1. Request Something from dll

    2. Retreive request from dll

    This is easier than giving a someone a list of functions that need to be called to initialize the environment. All that stuff can be done in the 'main' dll.

    Of course this makes my life more difficult by having to write a wrapper but that only takes a few minutes to do. However, I like the sound of exporting functions and would like to hear more about it.

    By the way, I like these kind of dicussions, especially in this forum. Let's keep it up!

    -Andre F
     
  14. Mike St.Louis

    Mike St.Louis Supporting Actor

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    Thanks for the info Andre. This is good stuff alright!
    Regarding web services, there was an article today on ZDNet about it. The article is entitled: "What are Web Sevices Anyway?"
    Pretty timely. Here's the link
    http://techupdate.zdnet.com/techupda...846997,00.html
    I guess I should go out and get that COM book I was looking at!
     
  15. Andre F

    Andre F Screenwriter

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    Mike,

    If you are moving to .NET soon make sure you get a new COM book that deals COM+ etc. I learned COM on a project that was on site and it was a nightmare. I got through it eventually but there are some many little things that can go wrong. One word of advice, learn about project compatibility. It can be a real life saver.

    My first COM project was as follows: ASP pages speaking to a dll that passed on information to an NT Service (my exe that did all the work...) using disconnected recordsets. There was a lot more to the architecture than what I've mentioned but believe me you don't want to here the rest.

    Anyway, in my opinion COM is ugly and if .NET can simplify some things then I'm all for it.

    -Andre F
     
  16. Andre F

    Andre F Screenwriter

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    I just wanted to 'bump' this thread up, because I thought the discussions where very good. I'd love to hear some more thoughts on .NET.

    -Andre F
     
  17. Chris Mannes

    Chris Mannes Stunt Coordinator

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  18. Andre F

    Andre F Screenwriter

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    Chris,

    Great article. That was a good explanation and covered a lot of ground. I recommend it others thinking about .NET.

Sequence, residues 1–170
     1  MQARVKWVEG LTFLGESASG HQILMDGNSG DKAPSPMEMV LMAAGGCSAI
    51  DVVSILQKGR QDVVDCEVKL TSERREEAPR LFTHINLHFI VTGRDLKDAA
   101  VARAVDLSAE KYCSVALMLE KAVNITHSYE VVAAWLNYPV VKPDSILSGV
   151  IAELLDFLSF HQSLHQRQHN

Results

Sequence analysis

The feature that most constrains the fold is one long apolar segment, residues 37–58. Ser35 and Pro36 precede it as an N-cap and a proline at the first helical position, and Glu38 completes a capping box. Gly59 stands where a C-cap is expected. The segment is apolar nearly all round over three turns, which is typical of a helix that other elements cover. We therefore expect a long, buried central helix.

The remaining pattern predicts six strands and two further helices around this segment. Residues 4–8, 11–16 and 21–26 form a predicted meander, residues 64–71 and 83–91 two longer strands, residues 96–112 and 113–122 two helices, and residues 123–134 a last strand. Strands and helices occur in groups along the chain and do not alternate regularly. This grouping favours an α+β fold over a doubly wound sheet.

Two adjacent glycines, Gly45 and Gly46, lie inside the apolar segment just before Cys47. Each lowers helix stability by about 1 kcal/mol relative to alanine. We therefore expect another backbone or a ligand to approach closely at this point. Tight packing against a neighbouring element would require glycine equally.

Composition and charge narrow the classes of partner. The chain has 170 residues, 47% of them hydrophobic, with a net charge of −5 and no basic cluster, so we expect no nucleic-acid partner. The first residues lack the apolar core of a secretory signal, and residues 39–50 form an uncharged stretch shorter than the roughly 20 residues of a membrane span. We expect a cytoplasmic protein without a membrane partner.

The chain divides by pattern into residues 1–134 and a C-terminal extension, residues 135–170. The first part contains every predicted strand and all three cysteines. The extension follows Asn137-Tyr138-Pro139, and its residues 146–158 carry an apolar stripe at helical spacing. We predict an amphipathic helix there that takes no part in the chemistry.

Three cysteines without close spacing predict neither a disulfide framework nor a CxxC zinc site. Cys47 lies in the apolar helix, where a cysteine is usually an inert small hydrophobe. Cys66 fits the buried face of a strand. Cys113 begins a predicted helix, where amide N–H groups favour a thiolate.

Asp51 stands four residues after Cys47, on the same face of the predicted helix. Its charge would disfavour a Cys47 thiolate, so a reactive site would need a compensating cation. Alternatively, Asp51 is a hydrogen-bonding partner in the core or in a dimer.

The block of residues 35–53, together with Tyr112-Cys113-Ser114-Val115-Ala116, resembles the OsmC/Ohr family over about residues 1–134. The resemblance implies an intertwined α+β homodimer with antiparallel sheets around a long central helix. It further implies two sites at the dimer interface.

-Andre F
     
  19. Steven K

    Steven K Supporting Actor

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    Well, COM is definitely ugly... but I don't see how something as complex as COM could be any less complicated (and somewhat sloppy). Even using COM objects is complicated, nevermind having to create your own... The first time I looked at a C program that was creating an instance of a COM object, I looked at the object creation function ( CoCreateInstance() ) and looked at the last parameter ( (void**)&pInterface ) and thought "what the hell is going on!"

    I've been working heavily in COM since then, and have learned alot.

    BTW: as long as we're on the subject of COM, perhaps someone here can help me with a little dilemma.

    I'm getting "Unresolved external symbol" errors (linking errors) when using COM objects if I use a pre-compiled header. Basically, I have my precompiled header (stdafx.h) and its have it entering thru stdafx.cpp, and all other files in the project use that PCH. Now, the only way I can get around this error is if I have a seperate source file (which I call GUIDSEG.CPP) that contains the same includes that are in stdafx.h, except for initguid.h. I do NOT use a precompiled header for this file.

    When I use this setup, everything works fine... it looks like there is a problem with initguid.h being defined multiple times, or not even at all. Anyway, I probably need to hit the programming forum with this one, but perhaps someone here knows the answer.
     
  20. Mike St.Louis

    Mike St.Louis Supporting Actor

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    Have any of you guys ever dabbled in Delphi?

    I've heard you can create COM objects with it. I wonder if it is any easier or better.